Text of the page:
by Michael P. Quinlin
Irish poet and playwright William Butler Yeats addressed an audience at the Plymouth Theatre in Boston on Thursday, September 28, 1911 on the subject, History of the Irish National Theatre and its Purposes.
As managing director of Dublin's Abbey Theatre, Yeats was in the United States to introduce a new literary movement taking place in Ireland that he hoped would be "the awakening of the mind of Ireland."
The Plymouth Theatre, located at Eliot Street (now Stuart) and Tremont Street, was a brand new playhouse, described as "a cozy, compact and home like-arrangement, with the seats in all parts of the house as near the stage as possible." The Abbey players christened the new theatre with their productions.
The Irish plays on opening night included The Shadow of the Glenn by John M. Synge, Birthright by T.C. Murray, and Hyacinth Halvey by Lady Gregory
Yeats was introduced to the audience by George Pierce Baker, professor of dramatic literature at Harvard University, according to a Boston Globe story on September 29, 1911.
"In Ireland, we are putting upon the stage a real life where men talk picturesque and musical words and where men have often picturesque and strange characters, that is to say, the life of far away villages where an old leisurely habit of life still exists," Yeats told the audience in Boston.
"The country life has for us the further fascination that it is the only thoroughly Irish life that is left. All our patriotic movements go back to the peasant. We try to recreate Ireland in an Irish way by mastering what he knows and by using it to understanding what the old manuscripts contain," he said.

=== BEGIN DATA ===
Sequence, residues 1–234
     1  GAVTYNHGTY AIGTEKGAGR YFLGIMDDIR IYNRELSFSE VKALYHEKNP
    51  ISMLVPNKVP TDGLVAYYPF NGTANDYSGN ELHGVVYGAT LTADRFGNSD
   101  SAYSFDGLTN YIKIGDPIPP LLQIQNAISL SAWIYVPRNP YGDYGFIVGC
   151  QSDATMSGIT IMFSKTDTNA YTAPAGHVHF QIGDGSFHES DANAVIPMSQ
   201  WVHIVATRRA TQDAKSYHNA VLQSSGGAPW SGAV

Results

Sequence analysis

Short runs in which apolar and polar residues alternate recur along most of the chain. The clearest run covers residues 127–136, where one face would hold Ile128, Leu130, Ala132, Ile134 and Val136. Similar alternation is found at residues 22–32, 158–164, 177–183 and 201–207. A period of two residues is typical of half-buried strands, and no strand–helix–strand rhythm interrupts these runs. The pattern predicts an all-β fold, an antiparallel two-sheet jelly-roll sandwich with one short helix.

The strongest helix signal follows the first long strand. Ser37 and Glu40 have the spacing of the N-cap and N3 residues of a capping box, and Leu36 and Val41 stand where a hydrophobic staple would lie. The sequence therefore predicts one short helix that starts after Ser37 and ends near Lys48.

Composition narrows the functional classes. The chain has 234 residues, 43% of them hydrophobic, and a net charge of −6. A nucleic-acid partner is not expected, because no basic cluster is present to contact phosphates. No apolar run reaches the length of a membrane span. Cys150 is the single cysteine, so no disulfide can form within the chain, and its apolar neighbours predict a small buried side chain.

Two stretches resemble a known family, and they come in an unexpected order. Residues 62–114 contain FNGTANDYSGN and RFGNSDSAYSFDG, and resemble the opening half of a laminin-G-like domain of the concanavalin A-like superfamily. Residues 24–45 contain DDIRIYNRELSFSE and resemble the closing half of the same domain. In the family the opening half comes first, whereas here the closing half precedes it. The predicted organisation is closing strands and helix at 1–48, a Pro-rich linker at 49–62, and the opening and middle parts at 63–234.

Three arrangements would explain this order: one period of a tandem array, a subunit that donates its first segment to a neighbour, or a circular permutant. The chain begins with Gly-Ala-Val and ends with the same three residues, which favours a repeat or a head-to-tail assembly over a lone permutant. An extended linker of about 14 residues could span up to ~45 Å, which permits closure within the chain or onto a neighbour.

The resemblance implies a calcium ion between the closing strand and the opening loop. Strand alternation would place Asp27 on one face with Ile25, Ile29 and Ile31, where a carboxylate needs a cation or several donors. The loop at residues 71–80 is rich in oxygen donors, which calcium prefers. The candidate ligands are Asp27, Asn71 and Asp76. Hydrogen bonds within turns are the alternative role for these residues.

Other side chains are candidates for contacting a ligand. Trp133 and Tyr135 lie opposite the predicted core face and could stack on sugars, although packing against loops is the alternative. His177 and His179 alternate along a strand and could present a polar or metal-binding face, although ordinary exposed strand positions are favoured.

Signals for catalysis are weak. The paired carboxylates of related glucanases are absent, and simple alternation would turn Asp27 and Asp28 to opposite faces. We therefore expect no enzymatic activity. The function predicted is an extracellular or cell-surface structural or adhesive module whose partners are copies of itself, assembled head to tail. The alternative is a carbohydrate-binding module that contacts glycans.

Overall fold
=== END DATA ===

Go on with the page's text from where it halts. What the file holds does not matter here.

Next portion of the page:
Yeats and Lady Gregory came to the United States to promote Ireland's new theatre movement but also to defend it against opponents who rioted in Dublin when the Playboy of the Western World by Synge was first performed. Critics assailed the play as a slight upon the Irish character
Yeats told reporters that 'if Ireland is to have a literature, the Irish must not resent truthful portrayals,' according to a New YorrkTimes story on October 12, 1911.
Lady Gregory said that the controversy over Synge's play was due to misunderstandings about Synge's purpose, and "to something that might be called race sensitiveness," wrote the NY Times on November 20, 1911.
When the Playboy debuted in Boston on October 16, 1911, the Boston Globe reported the play elicited 'some hisses, some cheers,' but that overall it did not cause "the excitement that some people had feared."
Yeats told the Globe he was 'very much pleased,' at the response to the opening night performance.
"I would not have been surprised if there had been more of a disturbance. It was very mild, indeed. I am satisfied. I am sure that the Irish people will appreciate the play in time here," he said.
When Yeats returned to Ireland in November, he reflected on his trip. "At Boston, the Abbey Theatre company had a flattering reception. The more intellectual the play, the greater the success we achieved in Boston. I attribute this to the influence of the universities," Yeats told the New York Times, in a story published on November 26, 1911.
For theater in Boston today, visit Huntington Theater Company and ArtsEmerson.
For details on cultural activities in greater Boston, visit IrishBoston.org. For information on Boston's Irish heritage, visit IrishHeritageTrail.com.